Thursday, September 25, 2008

Relative Age

This is not from last night. It is from a couple of months ago. But it is a cute one of a time I found Annie asleep one night on my bed.

Last night I came home late from a night with the girls at a friend's house. I went up to my bathroom and took my contacts out and brushed my teeth. In my bedroom I said my prayers, and then stood up to crawl in my bed. It was completely dark in the room except for the moonlight coming from one open window. 

In the moonlight, I could see my space in the bed. There lay a little girl wrapped up in the magic blanket, curled into a ball, and fast asleep. My poor eyesight kept me from being able to immediately discern who this was in my bed. I knew it had to be either Sabrina or Ann Marie. But, the first thought that entered my head when I saw her there was, "Oh, there I am."

After I picked Ann Marie up and put her in her own bed, I returned to my room and curled up in the magic blanket. I laid in my bed in wonder at how natural and easy that initial thought had been. 

Sometimes I feel 5 years old these days. I feel vulnerable and scared and in need of protection and love. I curl up in the magic blanket and lay by the strength of my husband to fall asleep. I ask my girls to give me extra hugs and love. They are like little mothers to me at times. Always I feel like a little child before the Lord. I am powerless yet trusting and ultimately loved.

Earlier that evening I got out of the shower and stood looking at myself with a towel wrapped around me. Jon was in the room and I said, "Do you ever feel like you are 80, like you have lived 50 years in the last three months?" 

"Yes," he replied, "and then some."

Sometimes I feel like an old woman these days. I feel tired and worn and I long for heaven. I see other people my age and feel so apart from the life I lived 4 months ago. I hear mothers longing for breaks from their children and I remember feeling that way four months ago. But now, well, I appreciate every minute with my children. They bring me joy through the sorrow. Like an old woman in a rest home, I continually want them to come sit and snuggle and talk with me. When they are asleep and at school I miss them.

Yet somehow my driver's license says I am still in my thirties. I wonder if or when I will ever feel my true age again.

17 comments:

Anonymous said...

I think we all have trials and experiences that "age" us. After awhile I don't think it is the old age we feel as much as the maturity, wisdom and experience. I think that when we feel young and vulnerable is when we are humble. Sometimes we have trials that make us different, and then we feel different from other people. The thing that I appreciate the most about the LDS faith is that because we are taught to have a personal realtionship with the Savior, these times, these moments when we feel so weary are really about identifying where our strength comes from. Whether wrapped in a blanket, or aged in a mirror. Time continues and so does the healing.

Maggie May said...

I have felt aged. Not in the same depth that you have experienced. Have you ever heard that saying, ' You are not truly grown up until both your parents die ' ? I think there are a few losses that are so deep, so mysteriously unfathomable, even to those experiencing it, that we feel orphaned. You are blessed to have faith. I don't have 'a' faith. I have hope, in more. My own childhood was so traumatic and lonely that I felt very old by the time I reached early twenties, like a neurotic, worried old woman. So I felt that, reading your words.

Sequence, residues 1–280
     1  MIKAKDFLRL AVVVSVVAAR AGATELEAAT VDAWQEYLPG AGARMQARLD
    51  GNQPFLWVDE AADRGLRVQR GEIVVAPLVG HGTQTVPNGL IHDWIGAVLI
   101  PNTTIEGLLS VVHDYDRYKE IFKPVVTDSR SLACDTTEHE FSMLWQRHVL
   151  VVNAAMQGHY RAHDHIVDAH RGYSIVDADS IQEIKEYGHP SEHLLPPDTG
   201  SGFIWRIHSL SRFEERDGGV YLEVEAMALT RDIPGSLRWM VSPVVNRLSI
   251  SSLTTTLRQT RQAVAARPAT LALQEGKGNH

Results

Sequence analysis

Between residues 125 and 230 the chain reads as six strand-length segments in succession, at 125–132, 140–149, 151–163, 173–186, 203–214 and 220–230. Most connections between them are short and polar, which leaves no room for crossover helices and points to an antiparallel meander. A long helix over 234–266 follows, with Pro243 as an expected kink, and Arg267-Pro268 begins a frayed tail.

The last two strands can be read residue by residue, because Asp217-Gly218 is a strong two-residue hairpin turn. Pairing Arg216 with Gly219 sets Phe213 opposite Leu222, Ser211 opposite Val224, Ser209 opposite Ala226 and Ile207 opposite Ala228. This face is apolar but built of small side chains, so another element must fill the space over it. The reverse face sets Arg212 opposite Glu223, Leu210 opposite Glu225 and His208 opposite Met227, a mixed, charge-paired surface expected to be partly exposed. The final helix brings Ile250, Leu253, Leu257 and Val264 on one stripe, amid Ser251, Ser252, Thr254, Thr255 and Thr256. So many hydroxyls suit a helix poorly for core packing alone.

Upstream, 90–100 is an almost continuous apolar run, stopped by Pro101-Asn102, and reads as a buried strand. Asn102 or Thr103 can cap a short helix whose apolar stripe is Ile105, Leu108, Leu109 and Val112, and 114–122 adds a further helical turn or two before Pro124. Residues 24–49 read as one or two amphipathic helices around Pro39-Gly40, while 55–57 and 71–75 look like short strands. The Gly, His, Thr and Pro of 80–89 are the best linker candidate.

I read that you get lots of books and recommendations for books, but don't often read because in grief the attention span is short.
Someone you might try is Gordon Livingston. He writes books with very short blurbs and chapters. He lost two children. His books are amazing.

Shawna Wilson said...

I love your magic blanket...I've read so many times about how it has helped you and your girls cope. What a treasure. If you do end up writing a book, I can't wait to read it. Your words ALWAYS inspire me and make me want to be a better person. You have been a miracle to so many Stephanie! Who knew that one sweet little baby girl could influence the lives of so many.

April said...

You have such a beautiful way with words. As you've said before this is your "normal".

Sue said...

When I'm at my very best, I feel ageless. I love that feeling because it puts me in touch with my spirit and allows me to go either way, depending on my circumstances. I do know what you mean, though. I have felt old as the hills before, usually in connection with a sorrow or loss (mine or another's). I think when hard-earned wisdom reminds us of eternal truths, we remember how long we've been learning, both here and in pre-earth life. Of course, I've felt young as a child too, but that doesn't come to me as often. It happens sometimes when I'm with my girlfriends, siblings and grandchildren, or when my husband is being really tender with me. I've felt young and free in a boat with the ocean spray in my face or when I'm really in touch with the magical beauty of nature...or of my own imagination. Anyway, sorry for rambling. A good thing about you, Stephanie, is that you are taking care of yourself by letting yourself be a child when you need to be, accepting the love (and hugs and kisses) of those who want to be there for you. That is a strength I admire and respect.

vocalise said...

I get it. Thanks for sharing.

Heidi said...

What a paradox to feel like a child one minute and an old lady the next. But it completely makes sense.

When my son was a newborn, I heard a friend had lost her baby boy. From then on, I made a commitment to myself to enjoy every moment with my child(ren). Even the ones I wasn't enjoying before, because if I had those moments it meant I still had my son on earth. It's amazing what a difference that makes.

Emily said...